Backyard BBQ Blast
Amateur cooking contest
pits friends against friends
Curvy Bottoms BBQ team aiming for ‘gold’ this year
(August 2015) – The Madison Courier Backyard BBQ Blast could be considered the laid-back, low-key cousin of the professional Kansas City Barbeque Society-sanctioned pro competition each year at the Madison Ribberfest.
And that’s the way the amateurs like it.
“This is strictly a big backyard barbecue, just like cooking out at home,” said event organizer Steve Thomas.
This is the 14th year for Madison Ribberfest and the pro and amateur cooking competitions. Thomas said he expects as many as 60 amateur barbecue teams this year to converge on Madison with their friends, families and secret recipes and rubs for ribs, chicken, pork, beef and game.
Curvy Bottoms BBQ amateur team members are (front row from left) Michael Cox and Trevor Crafton, (back row from left) Rodrick Shiver, James Centers, Travis Clegg.
Thomas said for the “game” category, teams have cooked up everything from elk, moose and deer to more exotic meats as shrimp, oysters, ostrich, bison, squirrel and opossum. “I haven’t seen raccoon,” he said, adding that raccoon meat isn’t bad as long as the critter was eating a natural plant-based diet rather than scavenging from garbage cans.
But that’s a whole other story.
“Basically, we view it as less of a contest and more of an event,” Thomas said. “It’s just fun. Everyone sits around and cooks and talks. They play cards or corn hole. If they choose to, they can enter the competition, but it’s not required. It has as much to do with the camaraderie as competition.”
James Centers agrees. “It’s a chance to spend the day listening to good music and cooking good food,” he said.
Centers’ Madison-based Curvy Bottoms BBQ team is planning to participate for a third year this time around.
“I always do ribs,” Centers said. His teammates include orthopedic surgeon Travis Clegg, who specializes in brisket when not operating on patients, and Clegg’s father-in-law Mike Cox, who specializes in pulled pork. Trevor Crafton of the Madison Chamber of Commerce also joins them.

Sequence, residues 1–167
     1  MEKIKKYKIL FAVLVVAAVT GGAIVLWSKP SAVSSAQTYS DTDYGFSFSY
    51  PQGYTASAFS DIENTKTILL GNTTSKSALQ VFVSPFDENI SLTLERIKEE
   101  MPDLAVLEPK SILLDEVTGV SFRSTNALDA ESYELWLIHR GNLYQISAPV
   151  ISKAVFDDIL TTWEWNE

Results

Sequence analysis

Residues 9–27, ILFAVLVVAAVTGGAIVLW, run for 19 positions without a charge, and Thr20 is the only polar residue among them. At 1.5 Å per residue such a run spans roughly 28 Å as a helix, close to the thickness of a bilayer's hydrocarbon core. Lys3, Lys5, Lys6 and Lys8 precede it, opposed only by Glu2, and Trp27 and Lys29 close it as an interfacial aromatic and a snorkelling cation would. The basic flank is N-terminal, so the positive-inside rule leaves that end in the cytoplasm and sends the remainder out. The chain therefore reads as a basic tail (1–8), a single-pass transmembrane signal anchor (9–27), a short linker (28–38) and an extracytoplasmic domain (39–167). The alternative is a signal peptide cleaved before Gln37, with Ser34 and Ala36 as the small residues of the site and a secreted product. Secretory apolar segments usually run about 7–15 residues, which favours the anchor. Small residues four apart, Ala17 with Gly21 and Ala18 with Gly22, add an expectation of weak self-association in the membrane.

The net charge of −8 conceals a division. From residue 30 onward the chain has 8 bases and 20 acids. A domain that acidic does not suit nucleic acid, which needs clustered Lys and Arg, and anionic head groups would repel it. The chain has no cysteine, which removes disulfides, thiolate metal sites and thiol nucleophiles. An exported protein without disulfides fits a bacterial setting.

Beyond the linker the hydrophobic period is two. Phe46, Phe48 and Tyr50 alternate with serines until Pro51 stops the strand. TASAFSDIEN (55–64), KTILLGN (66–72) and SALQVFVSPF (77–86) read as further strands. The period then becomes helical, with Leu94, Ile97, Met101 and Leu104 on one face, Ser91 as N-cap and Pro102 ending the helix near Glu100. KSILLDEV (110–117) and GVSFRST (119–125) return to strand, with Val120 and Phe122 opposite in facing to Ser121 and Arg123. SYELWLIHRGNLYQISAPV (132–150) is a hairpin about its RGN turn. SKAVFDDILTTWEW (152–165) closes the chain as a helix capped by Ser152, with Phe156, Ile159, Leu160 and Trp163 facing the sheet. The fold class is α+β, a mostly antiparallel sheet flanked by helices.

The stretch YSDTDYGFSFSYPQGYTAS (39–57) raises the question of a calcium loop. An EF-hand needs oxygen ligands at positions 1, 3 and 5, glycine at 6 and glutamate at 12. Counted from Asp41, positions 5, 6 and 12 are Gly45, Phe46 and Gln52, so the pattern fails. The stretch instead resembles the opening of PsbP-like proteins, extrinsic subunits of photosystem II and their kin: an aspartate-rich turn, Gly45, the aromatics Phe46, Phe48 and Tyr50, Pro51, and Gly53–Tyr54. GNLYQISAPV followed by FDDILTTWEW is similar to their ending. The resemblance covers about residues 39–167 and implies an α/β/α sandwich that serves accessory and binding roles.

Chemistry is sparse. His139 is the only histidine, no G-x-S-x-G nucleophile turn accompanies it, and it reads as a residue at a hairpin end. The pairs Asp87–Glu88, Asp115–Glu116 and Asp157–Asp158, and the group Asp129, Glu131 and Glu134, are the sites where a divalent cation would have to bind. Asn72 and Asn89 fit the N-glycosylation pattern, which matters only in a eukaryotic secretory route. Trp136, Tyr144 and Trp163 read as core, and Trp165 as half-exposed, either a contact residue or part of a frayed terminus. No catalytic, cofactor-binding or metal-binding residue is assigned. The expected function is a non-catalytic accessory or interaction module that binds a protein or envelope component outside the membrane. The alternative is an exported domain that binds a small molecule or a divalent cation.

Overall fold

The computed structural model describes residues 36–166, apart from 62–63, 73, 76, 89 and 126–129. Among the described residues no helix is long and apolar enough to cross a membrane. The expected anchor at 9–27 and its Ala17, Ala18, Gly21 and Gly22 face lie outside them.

“He did salmon last year that was unbelievable,” Centers said of Crafton’s expertise.
Curvy Bottoms picked up two second-place prizes last year in ribs and brisket. This year, Centers said, his team is going for the gold with the recipes they have finessed over time.
“We now know what works – recipes that all our families and friends have tried,” he said. “We’re going to stick with what got us there” last year.
Ryan Reddick of La Grange, Ky., is bringing his team – Smokin’ ReddiQUELOUS – for a fourth year of friendly competition. He will be joined by his father, Rick Reddick of Erlanger, Ky. Rick got started in the barbecue game a few years ago with encouragement from his neighbor, Roy Piercefield, who has advanced to the professional realm.
Piercefield’s team, Two Jokers and a Smoker, will be competing on the KCBS side again this year.
Reddick calls his father the King of Brisket, while he specializes in ribs and pulled pork.
“Maybe the professional side is more serious,” but Reddick said he prefers the laid-back atmosphere of the amateur side.
“It’s a lot of people [from different backgrounds] with a shared passion. It’s fun to walk around and meet new people, share secrets and see the different techniques.”
Centers and Reddick both said fancy equipment is not needed to do good barbecue.
“Twenty-five dollars will get you started,” Centers said. He offered this advice for newbies who are thinking about joining the fun: “Don’t be intimidated, just try it. Just come down and have a good time. It’s well worth it.”
Reddick said his father uses “an old hand-me-down” smoker that Piercefield gave him. “The one I use gets a lot of looks. It looks like a large metal beer keg. I call it the Green Egg smoker’s cheaper cousin.”
He said he enjoys looking at what equipment other barbecuers are using. One man last year was using an old oil barrel he’d gotten from his dad, Reddick recalled.
Because of the ingenuity of the amateur teams, Thomas said the Blast competition also has an award for Best BBQ Contraption. The first winner, he said, was a man who had turned a fire-proof filing cabinet into a multilevel smoker, with the fire maintained in the bottom drawer and the meats filling the ascending drawers.
In addition to first-, second- and third-place awards in the meat categories, competitors also can vie for Best Team, which Thomas describes as the “Miss Congeniality” of the event, as well as Best Sauce and Best Rub.
The competition is decided by a team of 36 judges – half of whom are trained and certified by KCBS. “The other half are experienced eaters,” Thomas said.
“The barbecue keeps getting better every year,” he said. “The teams get smarter at it, and every year we graduate one team to the pros.”
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